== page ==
Following the 'better late than never' motto, Plextor today announced it will try its hand in the SSD market with a pair of high performance offerings, the PX-64M1S and PX-128M1S.
"We're excited to leverage Plextor's expertise in optical storage and enter the SSD market as it continues to grow," said Esteban Kim, Director of New Business Development at PLDS. "PCMark, SYSmark, and HD Benchmark industry utility tests scored Plextor SSDs high and we're proud to have the new lineup available to our customers."
With the recent spate of SSDs boasting read and write speeds well above 200MB/s, Plextor may be stretching things a bit in classifying these as "high performance." The 64GB PX-64M1S comes rated at up to 110MB/s sequential reads and 65MB/s in sequential writes, while the 128GB PX-128M1S sports 120MBs and 70MB/s read and write speeds, respectively.
Both drives are available now for $225 (64GB) and $400 (128GB).
You probably recognize Chaintech as a one-time big player in the graphics market before the company merged with Walton Advanced Engineering in 2005. Since then, the company's focus has shifted towards memory products, including the introduction of what Walton Chaintech claims is the world's smallest USB 3.0 drive.
"The Astro Drive Series A101 is miniature in comparison to the 2.5-inch products sold by other competitors. It is more mobile than an iPod, and is currently the smallest USB 3.0 device on the market. This makes this device extremely convenient for consumers on the go. In addition, the dual color exterior design in red and silver conveys high-tech qualities, while also adding a sense of trendiness with its flame-red contours. This makes the A101 more than just a cold, emotionless tech product. Instead, it is an exceptional product that encompasses both elements of fashion and quality," Walton Chaintech said.
The Astro Series A101 thumb drive boasts up to 186MB/s read and up to 130MB/s write speeds, or six times the performance of USB 2.0 drives chugging along at 30MB/s and 20MB/s reads and writes. Walton Chaintech said it will come in a variety of storage capacities, including 32GB, 64GB, and 128GB.
Western Digital is marketing this capacious WD ShareSpace to the home and small-office crowd. Both audiences will appreciate the low price tag, but this box’s several shortcomings and slow speed will leave both audiences wanting.
The ShareSpace is housed in a generic-looking gray steel cube. Loosening two captive screws in back and removing the three-sided housing exposes the motherboard and four of Western Digital’s environmentally conscious 2TB Caviar Green drives. The four platters on each drive spins somewhere between 5,400 and 7,200 RPM (Western Digital declines to state the actual speed), and each drive has 32MB of cache. The array comes from the factory in a RAID 5 configuration. Although the hardware also supports span (JBOD), RAID 0, and RAID 1 modes, RAID level migration is not supported. The more fault-tolerant RAID 5 + Spare and RAID 6 arrays are not supported, nor can you configure the drives in multiple volumes or limit the number of drives used in any given configuration.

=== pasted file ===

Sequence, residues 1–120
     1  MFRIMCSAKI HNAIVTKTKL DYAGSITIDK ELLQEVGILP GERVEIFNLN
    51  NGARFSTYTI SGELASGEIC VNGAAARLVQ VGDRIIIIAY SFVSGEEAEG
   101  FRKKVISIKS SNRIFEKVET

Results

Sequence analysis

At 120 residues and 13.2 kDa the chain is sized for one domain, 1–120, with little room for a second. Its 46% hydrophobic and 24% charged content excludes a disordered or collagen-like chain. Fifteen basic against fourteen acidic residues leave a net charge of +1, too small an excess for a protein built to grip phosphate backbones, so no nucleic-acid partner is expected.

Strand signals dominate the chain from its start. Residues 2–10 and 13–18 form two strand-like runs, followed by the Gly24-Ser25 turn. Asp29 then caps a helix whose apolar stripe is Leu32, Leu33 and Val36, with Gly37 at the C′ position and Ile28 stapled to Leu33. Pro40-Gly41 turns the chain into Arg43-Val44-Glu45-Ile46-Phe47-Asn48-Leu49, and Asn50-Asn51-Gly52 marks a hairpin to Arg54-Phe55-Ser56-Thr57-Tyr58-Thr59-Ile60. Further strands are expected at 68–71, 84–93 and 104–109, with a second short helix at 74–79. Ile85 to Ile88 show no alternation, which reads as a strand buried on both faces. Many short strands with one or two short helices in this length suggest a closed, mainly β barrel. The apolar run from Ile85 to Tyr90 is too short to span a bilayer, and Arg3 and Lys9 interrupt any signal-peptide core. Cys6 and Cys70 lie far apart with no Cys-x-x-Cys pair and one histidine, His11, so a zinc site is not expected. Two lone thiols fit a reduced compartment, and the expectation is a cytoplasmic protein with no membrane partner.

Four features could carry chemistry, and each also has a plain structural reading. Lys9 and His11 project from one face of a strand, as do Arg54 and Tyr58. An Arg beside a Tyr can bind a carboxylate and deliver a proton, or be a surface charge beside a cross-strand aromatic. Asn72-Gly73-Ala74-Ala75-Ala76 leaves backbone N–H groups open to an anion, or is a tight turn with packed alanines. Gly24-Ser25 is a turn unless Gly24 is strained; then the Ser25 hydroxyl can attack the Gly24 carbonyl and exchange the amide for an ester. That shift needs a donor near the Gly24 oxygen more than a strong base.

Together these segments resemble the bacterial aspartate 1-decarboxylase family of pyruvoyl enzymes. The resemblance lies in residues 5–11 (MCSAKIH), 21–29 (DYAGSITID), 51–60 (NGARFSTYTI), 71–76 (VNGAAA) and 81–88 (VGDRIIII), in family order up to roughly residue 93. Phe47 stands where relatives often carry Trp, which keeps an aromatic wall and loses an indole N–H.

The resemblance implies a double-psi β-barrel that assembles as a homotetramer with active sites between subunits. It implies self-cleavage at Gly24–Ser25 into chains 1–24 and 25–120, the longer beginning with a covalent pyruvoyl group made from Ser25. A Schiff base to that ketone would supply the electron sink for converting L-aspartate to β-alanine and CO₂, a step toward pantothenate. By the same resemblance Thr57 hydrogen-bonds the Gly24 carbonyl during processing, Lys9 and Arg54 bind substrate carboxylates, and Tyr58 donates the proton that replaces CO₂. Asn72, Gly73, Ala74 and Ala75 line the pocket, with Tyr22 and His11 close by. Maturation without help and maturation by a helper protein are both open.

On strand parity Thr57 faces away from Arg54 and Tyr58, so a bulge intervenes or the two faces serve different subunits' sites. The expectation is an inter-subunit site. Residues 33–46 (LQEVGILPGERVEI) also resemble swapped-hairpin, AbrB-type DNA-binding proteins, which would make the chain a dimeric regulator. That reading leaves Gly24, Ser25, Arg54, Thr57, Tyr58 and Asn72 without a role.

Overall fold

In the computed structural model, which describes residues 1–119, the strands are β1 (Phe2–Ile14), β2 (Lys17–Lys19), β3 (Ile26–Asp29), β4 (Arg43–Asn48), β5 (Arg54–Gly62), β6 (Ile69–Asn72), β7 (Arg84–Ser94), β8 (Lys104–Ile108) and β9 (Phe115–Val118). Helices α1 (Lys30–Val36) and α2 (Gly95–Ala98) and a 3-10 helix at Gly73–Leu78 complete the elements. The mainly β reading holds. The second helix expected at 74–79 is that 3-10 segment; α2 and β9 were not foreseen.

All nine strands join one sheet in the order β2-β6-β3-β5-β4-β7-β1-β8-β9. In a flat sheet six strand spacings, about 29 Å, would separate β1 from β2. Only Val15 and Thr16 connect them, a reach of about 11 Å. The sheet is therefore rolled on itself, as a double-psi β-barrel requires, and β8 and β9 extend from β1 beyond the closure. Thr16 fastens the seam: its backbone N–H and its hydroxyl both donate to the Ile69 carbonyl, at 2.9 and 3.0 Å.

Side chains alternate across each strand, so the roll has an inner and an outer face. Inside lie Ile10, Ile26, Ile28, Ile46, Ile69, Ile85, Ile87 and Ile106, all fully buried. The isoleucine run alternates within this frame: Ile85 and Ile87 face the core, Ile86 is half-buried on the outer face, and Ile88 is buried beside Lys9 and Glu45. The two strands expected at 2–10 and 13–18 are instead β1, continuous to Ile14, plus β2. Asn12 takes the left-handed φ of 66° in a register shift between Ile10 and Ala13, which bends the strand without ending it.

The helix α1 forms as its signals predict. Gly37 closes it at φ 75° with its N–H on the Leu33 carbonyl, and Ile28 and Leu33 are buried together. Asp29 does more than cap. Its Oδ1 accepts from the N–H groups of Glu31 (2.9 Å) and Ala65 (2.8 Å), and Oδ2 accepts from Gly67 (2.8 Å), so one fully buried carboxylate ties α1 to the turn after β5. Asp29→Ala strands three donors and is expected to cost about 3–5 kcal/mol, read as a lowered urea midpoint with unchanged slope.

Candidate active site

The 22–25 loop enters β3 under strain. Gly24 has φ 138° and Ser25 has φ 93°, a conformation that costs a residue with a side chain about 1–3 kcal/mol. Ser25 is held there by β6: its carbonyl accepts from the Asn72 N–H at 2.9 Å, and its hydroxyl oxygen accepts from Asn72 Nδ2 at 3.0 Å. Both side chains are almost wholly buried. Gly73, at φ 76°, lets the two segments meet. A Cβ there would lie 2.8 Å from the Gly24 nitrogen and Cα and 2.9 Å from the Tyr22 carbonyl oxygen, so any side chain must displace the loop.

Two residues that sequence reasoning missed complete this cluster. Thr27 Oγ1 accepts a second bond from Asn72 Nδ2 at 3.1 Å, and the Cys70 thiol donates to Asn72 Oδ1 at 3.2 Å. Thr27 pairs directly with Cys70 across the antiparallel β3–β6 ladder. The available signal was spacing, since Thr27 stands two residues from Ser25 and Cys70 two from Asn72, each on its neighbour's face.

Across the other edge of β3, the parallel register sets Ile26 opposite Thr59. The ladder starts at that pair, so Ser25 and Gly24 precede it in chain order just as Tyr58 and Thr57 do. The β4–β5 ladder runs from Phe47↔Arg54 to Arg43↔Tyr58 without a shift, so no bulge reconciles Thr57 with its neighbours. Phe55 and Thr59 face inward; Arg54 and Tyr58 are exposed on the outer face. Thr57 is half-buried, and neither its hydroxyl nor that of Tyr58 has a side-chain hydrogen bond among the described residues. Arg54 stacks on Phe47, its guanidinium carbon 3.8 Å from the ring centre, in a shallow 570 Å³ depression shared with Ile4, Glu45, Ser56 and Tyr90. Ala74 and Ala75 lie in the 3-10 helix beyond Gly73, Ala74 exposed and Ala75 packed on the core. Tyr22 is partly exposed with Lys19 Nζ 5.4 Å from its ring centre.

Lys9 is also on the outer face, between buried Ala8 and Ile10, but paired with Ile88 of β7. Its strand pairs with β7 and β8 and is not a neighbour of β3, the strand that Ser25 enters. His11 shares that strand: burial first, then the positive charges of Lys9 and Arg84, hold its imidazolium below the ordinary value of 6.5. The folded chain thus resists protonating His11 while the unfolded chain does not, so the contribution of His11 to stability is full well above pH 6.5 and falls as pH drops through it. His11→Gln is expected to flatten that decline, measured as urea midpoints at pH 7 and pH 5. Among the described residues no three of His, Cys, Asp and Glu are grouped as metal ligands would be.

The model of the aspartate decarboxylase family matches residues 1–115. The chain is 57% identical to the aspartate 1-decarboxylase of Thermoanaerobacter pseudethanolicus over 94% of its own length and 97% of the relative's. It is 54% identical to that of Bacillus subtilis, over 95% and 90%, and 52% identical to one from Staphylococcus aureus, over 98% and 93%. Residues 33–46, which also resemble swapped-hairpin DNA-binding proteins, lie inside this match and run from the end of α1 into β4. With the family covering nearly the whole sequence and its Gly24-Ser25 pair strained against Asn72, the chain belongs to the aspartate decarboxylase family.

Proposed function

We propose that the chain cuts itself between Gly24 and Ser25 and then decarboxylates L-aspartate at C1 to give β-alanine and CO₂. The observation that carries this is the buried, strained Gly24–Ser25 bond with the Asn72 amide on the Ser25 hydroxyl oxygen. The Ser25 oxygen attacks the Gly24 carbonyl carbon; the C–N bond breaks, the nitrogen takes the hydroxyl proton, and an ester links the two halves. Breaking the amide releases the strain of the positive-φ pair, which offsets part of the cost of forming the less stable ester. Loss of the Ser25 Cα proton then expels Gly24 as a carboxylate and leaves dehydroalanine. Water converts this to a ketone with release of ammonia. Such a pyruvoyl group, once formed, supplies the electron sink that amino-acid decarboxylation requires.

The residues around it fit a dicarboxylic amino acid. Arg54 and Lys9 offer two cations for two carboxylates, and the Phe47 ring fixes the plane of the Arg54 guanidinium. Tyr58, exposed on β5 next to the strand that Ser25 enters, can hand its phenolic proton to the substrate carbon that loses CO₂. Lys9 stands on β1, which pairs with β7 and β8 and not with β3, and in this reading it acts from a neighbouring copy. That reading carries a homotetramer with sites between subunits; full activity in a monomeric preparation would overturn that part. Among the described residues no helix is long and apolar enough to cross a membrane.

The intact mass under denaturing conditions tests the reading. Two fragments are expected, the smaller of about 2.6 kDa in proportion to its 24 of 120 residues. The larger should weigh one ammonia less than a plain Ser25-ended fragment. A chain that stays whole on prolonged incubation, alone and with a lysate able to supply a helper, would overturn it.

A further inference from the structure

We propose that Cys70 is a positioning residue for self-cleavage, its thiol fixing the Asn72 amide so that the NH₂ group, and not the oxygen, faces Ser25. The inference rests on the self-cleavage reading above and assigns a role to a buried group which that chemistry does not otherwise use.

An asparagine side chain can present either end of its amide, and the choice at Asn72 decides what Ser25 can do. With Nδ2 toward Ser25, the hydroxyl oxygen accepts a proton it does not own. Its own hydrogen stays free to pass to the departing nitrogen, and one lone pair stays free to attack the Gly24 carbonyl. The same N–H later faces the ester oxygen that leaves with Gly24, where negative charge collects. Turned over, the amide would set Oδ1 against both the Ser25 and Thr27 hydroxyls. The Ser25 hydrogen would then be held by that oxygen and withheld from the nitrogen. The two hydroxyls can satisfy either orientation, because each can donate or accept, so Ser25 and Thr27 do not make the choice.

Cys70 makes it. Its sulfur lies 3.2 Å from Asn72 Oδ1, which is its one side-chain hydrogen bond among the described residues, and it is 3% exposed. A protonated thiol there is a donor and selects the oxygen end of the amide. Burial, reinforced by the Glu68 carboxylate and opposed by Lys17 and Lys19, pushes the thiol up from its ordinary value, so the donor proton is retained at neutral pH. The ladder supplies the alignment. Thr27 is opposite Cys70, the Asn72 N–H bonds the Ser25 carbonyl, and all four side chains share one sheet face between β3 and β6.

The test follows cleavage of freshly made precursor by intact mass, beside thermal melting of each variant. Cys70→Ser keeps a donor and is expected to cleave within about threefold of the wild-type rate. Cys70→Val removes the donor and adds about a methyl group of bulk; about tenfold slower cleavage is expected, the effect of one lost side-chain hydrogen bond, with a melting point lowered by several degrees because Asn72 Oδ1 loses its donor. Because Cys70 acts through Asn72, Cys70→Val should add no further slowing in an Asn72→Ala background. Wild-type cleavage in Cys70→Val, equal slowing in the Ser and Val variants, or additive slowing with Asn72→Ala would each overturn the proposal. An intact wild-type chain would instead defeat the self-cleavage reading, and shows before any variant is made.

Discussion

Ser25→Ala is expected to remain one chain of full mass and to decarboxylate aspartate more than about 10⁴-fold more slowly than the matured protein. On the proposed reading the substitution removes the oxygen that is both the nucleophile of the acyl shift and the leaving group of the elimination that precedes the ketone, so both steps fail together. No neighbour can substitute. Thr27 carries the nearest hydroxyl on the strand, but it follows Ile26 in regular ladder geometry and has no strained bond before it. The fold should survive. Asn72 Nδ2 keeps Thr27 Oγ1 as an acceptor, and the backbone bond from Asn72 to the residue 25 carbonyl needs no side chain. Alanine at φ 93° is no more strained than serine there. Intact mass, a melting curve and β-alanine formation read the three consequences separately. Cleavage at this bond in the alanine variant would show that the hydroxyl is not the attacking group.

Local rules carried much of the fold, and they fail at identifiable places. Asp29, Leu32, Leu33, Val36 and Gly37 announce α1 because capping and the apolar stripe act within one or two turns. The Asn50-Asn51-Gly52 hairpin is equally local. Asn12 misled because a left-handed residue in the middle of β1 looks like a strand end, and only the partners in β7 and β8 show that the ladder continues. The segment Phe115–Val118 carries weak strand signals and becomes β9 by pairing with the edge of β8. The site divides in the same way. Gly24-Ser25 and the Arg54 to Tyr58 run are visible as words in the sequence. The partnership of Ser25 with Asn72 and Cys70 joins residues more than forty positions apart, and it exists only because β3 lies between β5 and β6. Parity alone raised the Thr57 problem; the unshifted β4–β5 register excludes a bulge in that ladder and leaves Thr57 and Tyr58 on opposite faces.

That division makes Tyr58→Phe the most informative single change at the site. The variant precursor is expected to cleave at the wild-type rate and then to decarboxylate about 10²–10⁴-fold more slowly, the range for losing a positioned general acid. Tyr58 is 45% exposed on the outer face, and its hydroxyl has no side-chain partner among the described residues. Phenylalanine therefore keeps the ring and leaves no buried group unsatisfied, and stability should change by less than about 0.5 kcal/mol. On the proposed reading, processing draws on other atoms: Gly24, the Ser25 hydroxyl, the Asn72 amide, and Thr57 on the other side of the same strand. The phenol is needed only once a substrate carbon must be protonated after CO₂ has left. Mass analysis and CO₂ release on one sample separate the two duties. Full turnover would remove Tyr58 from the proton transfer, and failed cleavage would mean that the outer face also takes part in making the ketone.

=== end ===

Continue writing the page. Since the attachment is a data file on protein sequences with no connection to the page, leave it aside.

SMBs take note - LaCie has introduced a line of three new data solutions designed to make data access a lot easier to manage.
The new solutions include the single-disk d2 Network 2, two-disk 2big Network 2, and the five-disk 5big Network 2. Each one serves up data access to the tune of 70MB/s and gives users the ability to share files or backup Windows- and Mac-based PCs.
LaCie's focus centers on ease-of-use, and towards that end, the company touts its Web-based administration tool, which it says is a cinch to use. With little fuss, SMBs can manage users, groups, and shares and put in place data use quotas, GearLog.com reports.
We probably have a ways to go before anyone releases a 2TB SDXC memory card, but in the meantime, SanDisk has brought to market its 64GB Ultra SDXC card, the company's highest capacity SD card ever.
"SDXC is the successor to the popular SDHC card format," said Susan Park, director, retail product marketing, SanDisk. "The 64GB SanDisk Ultra SDXC card delivers the speed and capacity consumers need for extended HD video recording and improved rapid shooting of still images. The card is an ideal complement for recently-announced SDXC-compatible cameras and camcorders."
With a Class 4 speed rating, SanDisk's new 64GB boasts a read speed of up to 15MB/s. SanDisks says you'll be able to store more than eight hours of HD video with recording speed of 9Mbps (HD standard).